The Charger Blog

Graduate Student "Took Advantage of Every Possible Opportunity" at the University of New Haven

From founding a professional organization chapter at the University of New Haven to volunteering, Israel Estrada ’19 M.S., a graduate of the University’s emergency management program, found opportunities to learn, network, and grow.

February 7, 2019

By Renee Chmiel, Office of Marketing and Communications

Image of Israel Estrada '19 M.S.
Israel Estrada '19 M.S.

For Israel Estrada ’19 M.S., getting his master’s degree was an important goal, but it was not without its challenges. His drive to succeed as a graduate student began, literally, with a drive – across the country. Determined not to miss any of his classes, Estrada drove to West Haven from Los Angeles in less than four days.

Upon arriving in a state where he did not yet know anyone and without housing secured, he slept in his vehicle for his first few nights. Estrada persevered, and he says his move across the country was worth it.

"My experiences as a student crystalized my determination to become a professional in the field of emergency management," said Estrada. "One of the best opportunities I had was serving as a graduate assistant in the emergency management department, which allowed me to concentrate full-time on my studies and on growing as a professional."

The founder of the International Association of Emergency Managers (IAEM) chapter at the University, Estrada served as its first president. As a member of the organization, he represented the University at conferences and was eventually named IAEM’s National Student of the Year in 2018.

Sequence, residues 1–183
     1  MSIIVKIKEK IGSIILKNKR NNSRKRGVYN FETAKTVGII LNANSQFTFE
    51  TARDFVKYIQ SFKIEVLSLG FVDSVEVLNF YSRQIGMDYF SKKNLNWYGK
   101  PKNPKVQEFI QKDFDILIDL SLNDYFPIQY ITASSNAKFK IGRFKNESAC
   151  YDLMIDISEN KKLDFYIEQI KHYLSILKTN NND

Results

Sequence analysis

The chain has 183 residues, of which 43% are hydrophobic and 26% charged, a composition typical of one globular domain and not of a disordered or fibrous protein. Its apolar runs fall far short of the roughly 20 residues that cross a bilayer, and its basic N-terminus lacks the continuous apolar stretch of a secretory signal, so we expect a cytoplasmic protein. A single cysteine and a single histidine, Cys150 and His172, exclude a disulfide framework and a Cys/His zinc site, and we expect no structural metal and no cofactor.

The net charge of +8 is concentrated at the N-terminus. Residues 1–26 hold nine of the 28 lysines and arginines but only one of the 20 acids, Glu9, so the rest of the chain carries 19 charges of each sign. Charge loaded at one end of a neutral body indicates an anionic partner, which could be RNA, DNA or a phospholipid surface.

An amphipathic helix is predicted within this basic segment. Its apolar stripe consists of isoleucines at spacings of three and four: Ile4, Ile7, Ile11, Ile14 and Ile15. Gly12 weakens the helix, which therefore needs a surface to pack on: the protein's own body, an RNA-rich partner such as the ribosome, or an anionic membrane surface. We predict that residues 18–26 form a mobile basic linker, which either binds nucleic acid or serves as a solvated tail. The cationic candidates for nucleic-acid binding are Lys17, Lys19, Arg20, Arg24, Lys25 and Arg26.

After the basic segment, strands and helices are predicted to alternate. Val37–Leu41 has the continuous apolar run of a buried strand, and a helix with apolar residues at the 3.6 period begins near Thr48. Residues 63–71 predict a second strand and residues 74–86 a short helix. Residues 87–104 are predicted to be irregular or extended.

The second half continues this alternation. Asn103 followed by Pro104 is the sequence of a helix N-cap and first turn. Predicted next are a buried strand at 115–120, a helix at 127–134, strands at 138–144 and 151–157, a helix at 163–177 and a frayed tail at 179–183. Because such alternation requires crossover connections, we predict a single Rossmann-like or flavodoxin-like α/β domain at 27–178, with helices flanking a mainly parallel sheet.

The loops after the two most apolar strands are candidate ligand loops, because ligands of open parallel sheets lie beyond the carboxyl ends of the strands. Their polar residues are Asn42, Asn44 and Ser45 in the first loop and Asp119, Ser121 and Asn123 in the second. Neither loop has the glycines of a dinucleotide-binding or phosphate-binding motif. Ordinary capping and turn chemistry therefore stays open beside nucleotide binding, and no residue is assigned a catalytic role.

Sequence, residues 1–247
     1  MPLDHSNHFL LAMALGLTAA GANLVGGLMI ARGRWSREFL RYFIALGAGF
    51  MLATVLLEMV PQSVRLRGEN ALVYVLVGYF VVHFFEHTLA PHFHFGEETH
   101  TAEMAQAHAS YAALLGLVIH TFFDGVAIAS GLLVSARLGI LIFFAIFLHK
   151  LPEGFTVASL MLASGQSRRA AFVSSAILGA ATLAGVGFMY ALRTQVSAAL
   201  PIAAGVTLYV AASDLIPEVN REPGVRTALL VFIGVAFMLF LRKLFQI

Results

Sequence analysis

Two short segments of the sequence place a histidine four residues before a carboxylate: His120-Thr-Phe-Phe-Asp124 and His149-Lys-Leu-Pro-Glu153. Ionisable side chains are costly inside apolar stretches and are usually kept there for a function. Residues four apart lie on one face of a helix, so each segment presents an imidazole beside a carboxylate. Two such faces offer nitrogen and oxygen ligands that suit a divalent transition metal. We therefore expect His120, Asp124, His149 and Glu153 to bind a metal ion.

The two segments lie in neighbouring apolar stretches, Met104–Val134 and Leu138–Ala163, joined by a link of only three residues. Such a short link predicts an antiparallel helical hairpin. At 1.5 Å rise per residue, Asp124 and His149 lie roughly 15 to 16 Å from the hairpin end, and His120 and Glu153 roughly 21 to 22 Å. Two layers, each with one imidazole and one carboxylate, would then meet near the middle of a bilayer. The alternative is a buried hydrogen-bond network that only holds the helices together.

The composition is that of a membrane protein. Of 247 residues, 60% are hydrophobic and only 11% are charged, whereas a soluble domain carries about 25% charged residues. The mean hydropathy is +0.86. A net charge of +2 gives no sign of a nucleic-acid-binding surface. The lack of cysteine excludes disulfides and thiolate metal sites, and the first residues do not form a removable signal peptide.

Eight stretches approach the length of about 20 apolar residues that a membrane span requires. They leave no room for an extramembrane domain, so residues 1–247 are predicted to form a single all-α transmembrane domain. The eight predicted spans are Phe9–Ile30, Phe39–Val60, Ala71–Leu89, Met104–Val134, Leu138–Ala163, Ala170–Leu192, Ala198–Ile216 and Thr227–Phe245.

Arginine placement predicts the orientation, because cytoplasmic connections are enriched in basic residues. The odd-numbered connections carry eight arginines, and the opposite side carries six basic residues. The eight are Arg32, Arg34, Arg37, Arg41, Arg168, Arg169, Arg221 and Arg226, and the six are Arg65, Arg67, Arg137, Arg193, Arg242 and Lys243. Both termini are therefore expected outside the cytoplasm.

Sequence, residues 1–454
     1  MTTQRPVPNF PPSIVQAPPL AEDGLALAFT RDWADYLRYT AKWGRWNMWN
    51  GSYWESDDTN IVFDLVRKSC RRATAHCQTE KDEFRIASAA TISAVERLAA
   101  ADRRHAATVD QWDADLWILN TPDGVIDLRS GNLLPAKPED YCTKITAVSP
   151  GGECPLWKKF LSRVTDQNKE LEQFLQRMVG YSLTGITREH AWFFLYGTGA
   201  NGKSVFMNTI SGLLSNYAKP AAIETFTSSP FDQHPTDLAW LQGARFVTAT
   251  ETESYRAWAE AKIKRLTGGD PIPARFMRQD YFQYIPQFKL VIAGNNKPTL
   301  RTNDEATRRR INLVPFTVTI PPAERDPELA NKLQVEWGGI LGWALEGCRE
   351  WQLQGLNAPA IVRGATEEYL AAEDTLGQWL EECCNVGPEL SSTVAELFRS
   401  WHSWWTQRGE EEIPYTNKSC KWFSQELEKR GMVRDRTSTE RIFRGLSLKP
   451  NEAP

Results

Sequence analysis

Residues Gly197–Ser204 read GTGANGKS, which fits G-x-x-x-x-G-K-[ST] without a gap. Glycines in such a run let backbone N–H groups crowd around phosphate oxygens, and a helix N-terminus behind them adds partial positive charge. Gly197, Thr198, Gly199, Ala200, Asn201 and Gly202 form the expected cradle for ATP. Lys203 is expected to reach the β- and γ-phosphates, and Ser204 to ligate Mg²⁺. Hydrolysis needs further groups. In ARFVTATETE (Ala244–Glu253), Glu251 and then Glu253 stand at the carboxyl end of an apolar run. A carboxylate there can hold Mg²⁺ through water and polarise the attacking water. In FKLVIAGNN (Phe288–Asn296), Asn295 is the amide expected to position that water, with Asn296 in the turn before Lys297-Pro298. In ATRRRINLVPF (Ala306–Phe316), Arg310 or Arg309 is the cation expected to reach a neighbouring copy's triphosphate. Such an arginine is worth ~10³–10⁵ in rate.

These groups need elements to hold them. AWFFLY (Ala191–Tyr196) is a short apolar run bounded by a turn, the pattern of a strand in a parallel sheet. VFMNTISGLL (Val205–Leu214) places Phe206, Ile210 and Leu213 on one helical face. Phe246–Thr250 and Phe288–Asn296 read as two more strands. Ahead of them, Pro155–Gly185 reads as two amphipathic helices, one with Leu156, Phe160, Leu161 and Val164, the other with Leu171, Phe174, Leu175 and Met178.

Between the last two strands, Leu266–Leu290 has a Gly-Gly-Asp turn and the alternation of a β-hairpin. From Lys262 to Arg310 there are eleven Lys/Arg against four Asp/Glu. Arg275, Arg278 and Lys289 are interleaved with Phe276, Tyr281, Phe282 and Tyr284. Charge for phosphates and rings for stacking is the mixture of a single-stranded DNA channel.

"My experiences as a student crystalized my determination to become a professional in the field of emergency management."Israel Estrada ’19 M.S.

"Though it’s been a lot of work, it is something I was proud to be a part of, and I hope that the organization continues," Estrada said.

In addition to his studies, Estrada volunteered with Team Rubicon, supporting the recovery efforts following Hurricane Harvey in Texas. He gained firsthand knowledge of the work that has to be done in a disaster zone. He also participated in training at the National Interagency Fire Center in Boise, Idaho, where he became a wildland firefighter.

Estrada was chosen to be a part of the John D. Solomon Fellowship for Public Service, the first student fellowship in New York City devoted specifically to emergency management. Through the fellowship, he has participated in two large functional exercises, and he is developing course material about emergency operations center mobilization and activation planning, information management, resource management, consequence management, and demobilization that will be used by newer emergency managers from various New York City agencies and organizations.

He is scheduled to complete FEMA’s Emergency Management Basic Academy in March, and the New York City Emergency Management Certificate program in May, when the Fellowship will end.

"Eventually, I plan to pursue my doctorate in emergency management," Estrada said. "I believe that will give me more credibility as I conduct research, serve as a professor, and continue responding to emergencies and disasters throughout the world."